Photo by Jerry Wang on Unsplash

In May, the Texas House and Senate approved HB-3, which provides around $11.6 billion in funding for public schools.

Providing full-day pre-Kindergarten for eligible 4-year-olds is among the changes the funding is going toward. Eligible 4-year-old children must be either from a low-income family, live in foster care or be homeless, have an active-duty military parent, be a child of a first responder, or have limited English-speaking skills. The Senate bill has children of educators employed by a school district as eligible, too. 

In April, Holly Heard, the associate director of research data operations at Houston Education Research Consortium, testified alongside several other education experts to the Texas Senate's Committee for Education about the research revealing the importance of all-day pre-K.

She highlighted 2017 HERC research from Erin Baumgartner, HERC's HISD associate director of research and relations, that found students who had two years of pre-K with the district were the most likely to be “school ready” – 45 percent compared to 39 percent of students with only one year of pre-K with the district – and were more than twice as likely to be school ready than those who had zero years of pre-K with the district. 

"What this means is that attending full-day pre-k for at least one year made about twice as many students ready for entering kindergarten as those who did not attend," Heard told the Senate committee. As of publication, the bill is waiting to be signed by Texas Governor Greg Abbott. Once he signs the bill, it will go into effect for the 2019-2020 school year. 

While the bill is taking steps in the right direction, Baumgartner wants to change the perspective of pre-K in Texas from being an option for at-risk students to being the norm for all students.

"Right now, pre-K is not the norm," Baumgartner said. "It's not provided for all students. It's provided for the at-risk populations, so it may be less common that everyone just assumes a child should be in pre-K somewhere. I think we should be talking about universal pre-K because it's important to change the expectations and the norms around going to pre-K."

Kindergarten, she explained, was not "the norm" at one time either, but it's been universally accepted as the beginning of a child's educational career, which has long-term impacts on a child's learning years down the road.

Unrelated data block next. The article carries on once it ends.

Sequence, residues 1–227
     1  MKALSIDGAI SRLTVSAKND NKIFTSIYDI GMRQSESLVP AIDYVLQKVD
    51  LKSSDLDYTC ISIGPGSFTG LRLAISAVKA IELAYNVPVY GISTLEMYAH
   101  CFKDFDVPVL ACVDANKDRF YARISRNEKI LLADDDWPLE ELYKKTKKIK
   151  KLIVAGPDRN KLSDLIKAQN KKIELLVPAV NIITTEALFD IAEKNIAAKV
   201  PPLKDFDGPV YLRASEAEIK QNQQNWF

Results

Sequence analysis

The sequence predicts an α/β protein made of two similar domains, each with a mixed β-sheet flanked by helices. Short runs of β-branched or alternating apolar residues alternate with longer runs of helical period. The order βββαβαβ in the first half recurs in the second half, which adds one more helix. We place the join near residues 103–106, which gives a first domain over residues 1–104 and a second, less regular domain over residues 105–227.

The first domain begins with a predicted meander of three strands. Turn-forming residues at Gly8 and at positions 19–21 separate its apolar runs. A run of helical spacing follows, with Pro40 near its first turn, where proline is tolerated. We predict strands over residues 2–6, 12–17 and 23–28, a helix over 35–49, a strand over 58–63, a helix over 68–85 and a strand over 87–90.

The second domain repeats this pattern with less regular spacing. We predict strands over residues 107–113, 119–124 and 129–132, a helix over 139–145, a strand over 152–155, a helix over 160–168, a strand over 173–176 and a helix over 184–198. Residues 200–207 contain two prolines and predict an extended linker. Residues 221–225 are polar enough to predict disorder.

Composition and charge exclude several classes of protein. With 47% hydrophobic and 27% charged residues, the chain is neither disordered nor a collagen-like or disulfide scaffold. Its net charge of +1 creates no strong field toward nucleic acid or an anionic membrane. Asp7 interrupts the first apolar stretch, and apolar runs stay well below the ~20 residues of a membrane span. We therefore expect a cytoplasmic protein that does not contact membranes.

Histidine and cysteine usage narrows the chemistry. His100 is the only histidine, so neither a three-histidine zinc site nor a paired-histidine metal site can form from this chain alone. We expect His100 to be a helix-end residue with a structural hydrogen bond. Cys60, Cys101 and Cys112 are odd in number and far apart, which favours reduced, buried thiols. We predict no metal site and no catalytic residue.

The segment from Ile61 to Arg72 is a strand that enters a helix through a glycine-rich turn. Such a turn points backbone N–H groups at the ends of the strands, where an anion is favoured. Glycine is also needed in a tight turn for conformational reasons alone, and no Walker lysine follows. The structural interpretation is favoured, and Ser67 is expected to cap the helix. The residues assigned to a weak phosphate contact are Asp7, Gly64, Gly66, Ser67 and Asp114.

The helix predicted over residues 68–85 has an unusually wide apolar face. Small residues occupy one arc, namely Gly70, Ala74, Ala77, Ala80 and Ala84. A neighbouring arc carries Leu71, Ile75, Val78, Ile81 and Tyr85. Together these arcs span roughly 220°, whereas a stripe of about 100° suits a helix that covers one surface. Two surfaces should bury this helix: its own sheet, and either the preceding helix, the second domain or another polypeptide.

"Which is so crazy to think about kindergarten as such an important point, but there is research that shows half of the gap that exists between black and white students at the end of high school can be traced back to kindergarten entry," Baumgartner said. "So if we eliminate the gaps early on, it's going to mean better things for long-term outcomes for students," Baumgartner said.

While normalizing pre-K to be the new education entry-point is the goal, the Legislature hasn't been consistent in its support and funding of pre-K. In 2011, lawmakers cut a pre-K grant, then restored a portion of that money two years later. Then in 2015, lawmakers created a high-quality pre-K grant program but cut the money for the program in 2017. Baumgartner noted many of those state-funded grants were contingent on quality standards being met and many smaller-sized districts had trouble meeting those standards, so they often lost the money. 

Prior to the most recent bill, Texas paid for districts to offer half-day pre-K to eligible students and districts had to pay out-of-pocket for the second half of the day. Now that the funding is set to expand to full-day programs, Baumgartner expects many districts will be able to reallocate their funding in order to improve quality by lowering class sizes, hiring trained people and additional support staff in classrooms. 

"Hopefully, for districts who were already moving toward full-day programs, this gives them an extra boost," Baumgartner said. "These things are expensive. They cost money."

The next project for Baumgartner and HERC's work in pre-K partners with Houston Independent School District to identify students' access and utilization. Her team is ensuring that HISD located the right areas where their early childhood centers and pre-K programs need to be. "When you've got a 4-year old, you don't want to drive very far with them. That distance matters, so we're trying to help the district think intentionally about what it means to improve access," she said.

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